Castleton University’s student-led Content Lab has nearly completed a video campaign for the American Federation of Teachers’ effort to convince the state legislature to offer free college tuition for all.
The campaign features numerous Castleton students dressed in graduation caps and gowns holding up hand-made cardboard signs touting the power of a college education, said Content Lab advisor and graphic design professor Bill DeForest.
“It’s an aspirational campaign playing off the theme ‘will work for food,’” DeForest explained. “Like a nursing student held up a sign saying ‘will work for fewer opioid addicted babies’ and a criminal justice student wrote ‘will work for national security.’”
Students the from various programs were spontaneously filmed in the university’s Campus Center after practice efforts by Content Lab workers in the TV studio, he said.
The students were given cardboard, markers, and a cap and gown as props.
DeForest said the group hopes to bolster the campaign in coming months by doing similar events with students from other state colleges across Vermont.
Professor Linda Olson, vice president of Education for AFT Vt., said she has seen a rough draft of the campaign video – and was very impressed.
“I think they did a great job. I really like it a lot,” Olson said.
Olson said AFT is working with Sen. Bernie Sanders’ director of labor and director of education and DeForest said the plan is to unveil the campaign video in January, when the legislature reconvenes.
They will use social media, including Sanders’ accounts, to spread it far and wide.
“They’re excited about it,” Olson said of Sanders’ representatives.
Hopes are to also use the students’ signs for an art installation at the statehouse in Montpelier.
“I think it’ll be really powerful when we get it up at the statehouse,” Olson said. “I’m excited to see what happens.”
AFT has been pushing for free tuition since 2011 and is hopeful the legislature will be moved to act this year, said Olson, who added that she plans to incorporate portions of the effort into a civic engagement class next semester.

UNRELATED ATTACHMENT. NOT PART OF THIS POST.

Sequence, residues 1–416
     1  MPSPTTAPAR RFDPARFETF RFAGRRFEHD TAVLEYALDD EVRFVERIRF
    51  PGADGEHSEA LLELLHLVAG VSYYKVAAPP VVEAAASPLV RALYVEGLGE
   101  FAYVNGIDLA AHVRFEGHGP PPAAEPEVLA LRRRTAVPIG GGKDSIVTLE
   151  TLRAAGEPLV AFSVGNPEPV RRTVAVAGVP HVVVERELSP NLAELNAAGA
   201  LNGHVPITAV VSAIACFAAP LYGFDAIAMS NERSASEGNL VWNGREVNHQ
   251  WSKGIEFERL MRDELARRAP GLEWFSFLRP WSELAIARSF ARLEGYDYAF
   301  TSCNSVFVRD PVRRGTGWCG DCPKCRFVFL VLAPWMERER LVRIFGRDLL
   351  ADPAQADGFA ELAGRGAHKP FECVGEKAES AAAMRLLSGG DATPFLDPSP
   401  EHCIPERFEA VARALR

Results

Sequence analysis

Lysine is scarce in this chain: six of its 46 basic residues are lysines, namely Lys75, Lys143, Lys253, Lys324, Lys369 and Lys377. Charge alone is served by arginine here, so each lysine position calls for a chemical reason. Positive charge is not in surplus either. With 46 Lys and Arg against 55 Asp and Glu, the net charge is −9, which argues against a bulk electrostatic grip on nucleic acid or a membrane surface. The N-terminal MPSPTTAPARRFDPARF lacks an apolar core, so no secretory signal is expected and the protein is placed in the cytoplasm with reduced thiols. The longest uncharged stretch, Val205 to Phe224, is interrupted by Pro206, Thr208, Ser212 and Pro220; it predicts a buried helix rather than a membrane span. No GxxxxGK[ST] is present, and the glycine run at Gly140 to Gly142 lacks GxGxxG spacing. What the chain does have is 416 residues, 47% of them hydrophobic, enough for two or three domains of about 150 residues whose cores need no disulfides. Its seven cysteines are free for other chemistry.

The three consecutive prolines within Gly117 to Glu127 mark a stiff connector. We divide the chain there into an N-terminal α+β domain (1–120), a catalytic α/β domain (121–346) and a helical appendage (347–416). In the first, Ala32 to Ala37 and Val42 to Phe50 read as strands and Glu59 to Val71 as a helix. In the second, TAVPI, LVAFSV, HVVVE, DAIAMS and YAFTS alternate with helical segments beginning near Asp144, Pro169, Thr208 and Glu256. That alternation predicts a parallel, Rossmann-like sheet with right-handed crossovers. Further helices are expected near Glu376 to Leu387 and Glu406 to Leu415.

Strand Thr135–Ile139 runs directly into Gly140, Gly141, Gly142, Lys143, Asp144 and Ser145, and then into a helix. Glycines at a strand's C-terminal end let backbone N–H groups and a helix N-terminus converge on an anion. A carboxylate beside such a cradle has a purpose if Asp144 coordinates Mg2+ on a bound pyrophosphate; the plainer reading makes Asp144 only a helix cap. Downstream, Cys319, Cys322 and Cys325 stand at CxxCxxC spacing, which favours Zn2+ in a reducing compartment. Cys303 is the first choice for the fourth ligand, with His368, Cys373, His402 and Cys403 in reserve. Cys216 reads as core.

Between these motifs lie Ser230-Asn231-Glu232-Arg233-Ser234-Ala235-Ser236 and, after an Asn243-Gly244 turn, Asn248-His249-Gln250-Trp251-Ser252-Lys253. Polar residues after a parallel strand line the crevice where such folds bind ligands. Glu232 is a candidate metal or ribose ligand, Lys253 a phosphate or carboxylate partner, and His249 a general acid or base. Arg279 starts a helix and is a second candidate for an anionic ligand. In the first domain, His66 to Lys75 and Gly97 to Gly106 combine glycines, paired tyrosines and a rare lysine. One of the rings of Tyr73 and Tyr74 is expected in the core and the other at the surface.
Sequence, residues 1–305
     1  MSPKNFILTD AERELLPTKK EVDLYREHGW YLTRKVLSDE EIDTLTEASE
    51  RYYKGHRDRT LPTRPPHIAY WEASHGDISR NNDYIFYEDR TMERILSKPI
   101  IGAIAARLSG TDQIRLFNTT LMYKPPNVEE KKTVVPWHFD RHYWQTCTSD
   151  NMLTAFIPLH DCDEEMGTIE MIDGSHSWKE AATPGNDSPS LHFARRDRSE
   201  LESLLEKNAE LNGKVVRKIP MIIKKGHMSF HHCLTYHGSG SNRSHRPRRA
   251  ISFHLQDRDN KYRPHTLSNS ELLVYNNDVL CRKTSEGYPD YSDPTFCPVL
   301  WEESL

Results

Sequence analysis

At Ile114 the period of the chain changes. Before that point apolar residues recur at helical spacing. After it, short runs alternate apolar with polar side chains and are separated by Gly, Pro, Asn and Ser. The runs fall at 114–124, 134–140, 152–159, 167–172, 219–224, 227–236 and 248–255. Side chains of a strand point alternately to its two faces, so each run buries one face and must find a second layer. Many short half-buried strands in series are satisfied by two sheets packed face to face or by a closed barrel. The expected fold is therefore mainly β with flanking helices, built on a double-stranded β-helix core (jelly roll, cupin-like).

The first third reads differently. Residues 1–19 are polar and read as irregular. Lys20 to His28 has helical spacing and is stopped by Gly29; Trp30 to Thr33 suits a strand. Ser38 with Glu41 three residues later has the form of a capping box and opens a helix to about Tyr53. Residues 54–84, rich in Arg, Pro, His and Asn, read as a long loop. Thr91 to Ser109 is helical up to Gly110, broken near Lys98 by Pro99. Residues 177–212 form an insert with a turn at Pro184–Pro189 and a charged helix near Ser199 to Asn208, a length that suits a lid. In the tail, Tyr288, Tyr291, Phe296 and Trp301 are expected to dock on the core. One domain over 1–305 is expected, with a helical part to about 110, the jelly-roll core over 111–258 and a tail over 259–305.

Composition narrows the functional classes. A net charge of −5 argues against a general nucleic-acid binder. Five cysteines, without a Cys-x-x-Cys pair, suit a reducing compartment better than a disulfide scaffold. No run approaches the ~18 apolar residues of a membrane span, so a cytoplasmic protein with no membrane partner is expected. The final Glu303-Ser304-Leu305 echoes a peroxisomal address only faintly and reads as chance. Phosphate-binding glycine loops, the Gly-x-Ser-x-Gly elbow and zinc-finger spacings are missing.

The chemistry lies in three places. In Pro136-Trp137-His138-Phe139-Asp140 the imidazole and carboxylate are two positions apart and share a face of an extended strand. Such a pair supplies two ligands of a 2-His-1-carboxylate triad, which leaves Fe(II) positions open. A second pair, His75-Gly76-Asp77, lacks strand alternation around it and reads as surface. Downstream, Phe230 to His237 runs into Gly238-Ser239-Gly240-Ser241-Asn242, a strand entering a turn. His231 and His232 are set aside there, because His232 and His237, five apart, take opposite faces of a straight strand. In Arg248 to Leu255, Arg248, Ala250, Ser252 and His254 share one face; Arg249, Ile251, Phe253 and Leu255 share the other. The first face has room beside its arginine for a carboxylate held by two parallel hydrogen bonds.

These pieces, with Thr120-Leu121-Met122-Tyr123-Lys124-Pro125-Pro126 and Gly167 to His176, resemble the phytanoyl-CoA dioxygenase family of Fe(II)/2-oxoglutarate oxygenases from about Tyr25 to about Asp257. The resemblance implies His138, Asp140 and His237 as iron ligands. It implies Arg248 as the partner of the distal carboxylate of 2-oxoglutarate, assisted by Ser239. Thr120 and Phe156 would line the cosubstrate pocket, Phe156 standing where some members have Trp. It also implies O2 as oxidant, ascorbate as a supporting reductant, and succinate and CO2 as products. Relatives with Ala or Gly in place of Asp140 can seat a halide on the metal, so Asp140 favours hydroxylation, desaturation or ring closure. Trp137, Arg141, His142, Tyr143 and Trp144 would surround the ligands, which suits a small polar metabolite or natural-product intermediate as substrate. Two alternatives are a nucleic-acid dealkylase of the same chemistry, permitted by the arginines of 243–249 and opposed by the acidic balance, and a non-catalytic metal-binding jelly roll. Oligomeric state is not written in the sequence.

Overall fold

Members of the student Content Lab include Madelaine Kopische, Cameron Rossi-Crete, Aurora Calchera, Martin VanBuren and John Everett.
VanBuren said each team member brings something to the table, mentioning Kopische’s video work, Rossi-Crete’s graphic design expertise and his photography skills as examples. He said the team is excited to have the opportunity to work with Sanders’ office.
“You’d expect opportunities like this at a larger university,” he said. “It’s a huge resume booster, especially if you’re applying for work in a blue state.”
AFT is the second client the group has produced work for, having done a PILOT project last semester with The MINT makerspace in Rutland.
Michael Talbott, chair of the Media and Communication Department who came up with the Content Lab idea, said he’s really impressed with the group’s work.
He said not only are clients like AFT and The MINT benefitting, students working in the Content Lab are gaining professional experience that will make them more valuable when they graduate.
He said in a small town like Castleton, where opportunities to intern at big agencies or firms are fewer than in major metropolitan areas, the Content Lab gives them a conduit to clients.
“It’s allowing them to serve real-world clients and make a difference in the world,” he said. “There’s no doubt these students will be extremely job ready.”